This article analyzes American democracy from a European perspective. It argues that American democracy (like European democracies) is based on antinomies, two societal and two institutional, deeply rooted in American constitutional development. Thus, each time American democracy has been used as a model and exported, the attempt has ended in failure. An antinomic model can be studied but not imitated. The article concludes that what is interesting for non-Americans is the way American democracy has historically dealt with these antinomies, more than the American model per se. The American method has to do with a peculiar constitutional structure that, having had the chance to institutionalize liberal principles, has tended to promote a positive-sum solution to those antinomies, in accord with individualistic values. Here resides the great divide between American and European constitutional structures; for opposite reasons, the European constitutional structure tends to promote a zero-sum solution to similar antinomies, in agreement with collectivistic values. In both structures, something important may be lost—private freedom in the latter and public good in the former. Could a reciprocal constitutional learning process allow both sides to learn the missing side of the story?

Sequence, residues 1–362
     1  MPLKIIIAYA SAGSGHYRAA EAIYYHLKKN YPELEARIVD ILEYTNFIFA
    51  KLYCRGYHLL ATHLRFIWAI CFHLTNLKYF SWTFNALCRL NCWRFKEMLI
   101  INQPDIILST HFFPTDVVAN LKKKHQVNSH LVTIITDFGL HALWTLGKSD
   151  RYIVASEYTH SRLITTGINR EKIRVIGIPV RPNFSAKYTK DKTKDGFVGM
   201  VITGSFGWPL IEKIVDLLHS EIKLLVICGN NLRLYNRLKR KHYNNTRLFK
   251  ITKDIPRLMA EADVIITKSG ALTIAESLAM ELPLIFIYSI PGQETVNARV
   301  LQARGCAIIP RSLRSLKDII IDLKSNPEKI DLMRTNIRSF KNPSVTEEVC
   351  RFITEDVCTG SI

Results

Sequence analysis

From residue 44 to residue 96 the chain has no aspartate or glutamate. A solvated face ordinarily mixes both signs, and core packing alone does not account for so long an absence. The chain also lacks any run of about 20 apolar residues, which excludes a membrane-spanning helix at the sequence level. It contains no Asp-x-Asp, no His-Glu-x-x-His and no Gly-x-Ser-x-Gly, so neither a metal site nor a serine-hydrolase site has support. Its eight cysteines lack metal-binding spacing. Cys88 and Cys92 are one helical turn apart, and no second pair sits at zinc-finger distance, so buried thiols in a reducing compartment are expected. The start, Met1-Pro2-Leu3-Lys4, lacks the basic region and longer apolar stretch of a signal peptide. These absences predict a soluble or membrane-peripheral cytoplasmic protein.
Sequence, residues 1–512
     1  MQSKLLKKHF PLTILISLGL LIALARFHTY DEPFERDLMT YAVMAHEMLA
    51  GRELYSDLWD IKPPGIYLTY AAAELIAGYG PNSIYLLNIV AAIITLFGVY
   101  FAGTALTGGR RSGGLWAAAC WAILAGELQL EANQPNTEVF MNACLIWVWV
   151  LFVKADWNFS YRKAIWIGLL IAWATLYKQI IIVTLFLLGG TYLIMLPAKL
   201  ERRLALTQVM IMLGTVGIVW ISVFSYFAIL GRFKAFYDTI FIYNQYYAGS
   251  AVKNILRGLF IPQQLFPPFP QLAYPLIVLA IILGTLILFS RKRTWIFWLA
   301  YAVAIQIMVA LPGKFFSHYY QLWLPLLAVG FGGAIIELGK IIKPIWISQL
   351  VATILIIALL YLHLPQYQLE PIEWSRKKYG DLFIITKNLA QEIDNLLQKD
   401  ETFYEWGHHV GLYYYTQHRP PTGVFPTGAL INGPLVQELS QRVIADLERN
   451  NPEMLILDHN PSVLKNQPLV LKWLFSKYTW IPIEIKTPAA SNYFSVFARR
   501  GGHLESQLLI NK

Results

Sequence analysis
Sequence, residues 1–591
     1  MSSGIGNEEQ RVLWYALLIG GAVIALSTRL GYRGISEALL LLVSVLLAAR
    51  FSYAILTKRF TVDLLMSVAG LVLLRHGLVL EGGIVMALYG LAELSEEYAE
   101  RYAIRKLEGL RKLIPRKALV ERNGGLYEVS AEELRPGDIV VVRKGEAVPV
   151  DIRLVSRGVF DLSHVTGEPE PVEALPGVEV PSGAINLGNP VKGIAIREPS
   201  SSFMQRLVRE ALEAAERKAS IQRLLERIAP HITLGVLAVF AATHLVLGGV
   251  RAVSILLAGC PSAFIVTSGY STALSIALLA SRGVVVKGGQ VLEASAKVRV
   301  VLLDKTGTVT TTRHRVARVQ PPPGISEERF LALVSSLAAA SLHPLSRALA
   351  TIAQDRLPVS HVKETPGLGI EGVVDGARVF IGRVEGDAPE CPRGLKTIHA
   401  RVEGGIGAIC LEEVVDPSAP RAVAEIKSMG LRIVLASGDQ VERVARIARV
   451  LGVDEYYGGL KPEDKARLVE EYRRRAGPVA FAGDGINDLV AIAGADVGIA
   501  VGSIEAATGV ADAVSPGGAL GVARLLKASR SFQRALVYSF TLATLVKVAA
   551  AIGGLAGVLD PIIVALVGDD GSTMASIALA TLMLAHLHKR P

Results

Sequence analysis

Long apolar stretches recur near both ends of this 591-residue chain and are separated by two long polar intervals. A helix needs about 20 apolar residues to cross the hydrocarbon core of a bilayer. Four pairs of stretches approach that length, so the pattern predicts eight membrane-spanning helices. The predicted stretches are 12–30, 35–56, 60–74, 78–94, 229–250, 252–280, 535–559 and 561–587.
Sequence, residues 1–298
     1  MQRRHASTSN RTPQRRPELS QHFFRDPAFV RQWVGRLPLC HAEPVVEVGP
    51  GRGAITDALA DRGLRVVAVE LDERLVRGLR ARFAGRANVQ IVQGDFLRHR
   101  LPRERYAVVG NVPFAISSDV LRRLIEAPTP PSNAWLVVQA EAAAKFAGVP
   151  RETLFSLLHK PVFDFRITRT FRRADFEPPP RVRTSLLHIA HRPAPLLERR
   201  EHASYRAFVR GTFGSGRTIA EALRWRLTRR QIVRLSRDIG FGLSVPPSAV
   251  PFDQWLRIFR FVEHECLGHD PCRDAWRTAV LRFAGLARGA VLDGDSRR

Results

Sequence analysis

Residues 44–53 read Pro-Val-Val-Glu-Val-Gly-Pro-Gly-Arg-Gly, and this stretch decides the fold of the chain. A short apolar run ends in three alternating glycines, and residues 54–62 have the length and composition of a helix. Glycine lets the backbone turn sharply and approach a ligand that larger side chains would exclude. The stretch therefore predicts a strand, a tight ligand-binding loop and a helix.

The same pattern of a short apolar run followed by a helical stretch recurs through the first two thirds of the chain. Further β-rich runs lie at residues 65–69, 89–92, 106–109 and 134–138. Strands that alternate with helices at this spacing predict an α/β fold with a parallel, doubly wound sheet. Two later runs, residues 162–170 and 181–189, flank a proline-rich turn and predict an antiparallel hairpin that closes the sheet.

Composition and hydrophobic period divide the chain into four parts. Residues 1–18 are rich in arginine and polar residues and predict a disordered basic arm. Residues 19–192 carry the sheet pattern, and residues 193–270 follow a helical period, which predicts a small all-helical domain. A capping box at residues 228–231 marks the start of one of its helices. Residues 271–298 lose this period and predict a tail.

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  • Article Type: Review Article
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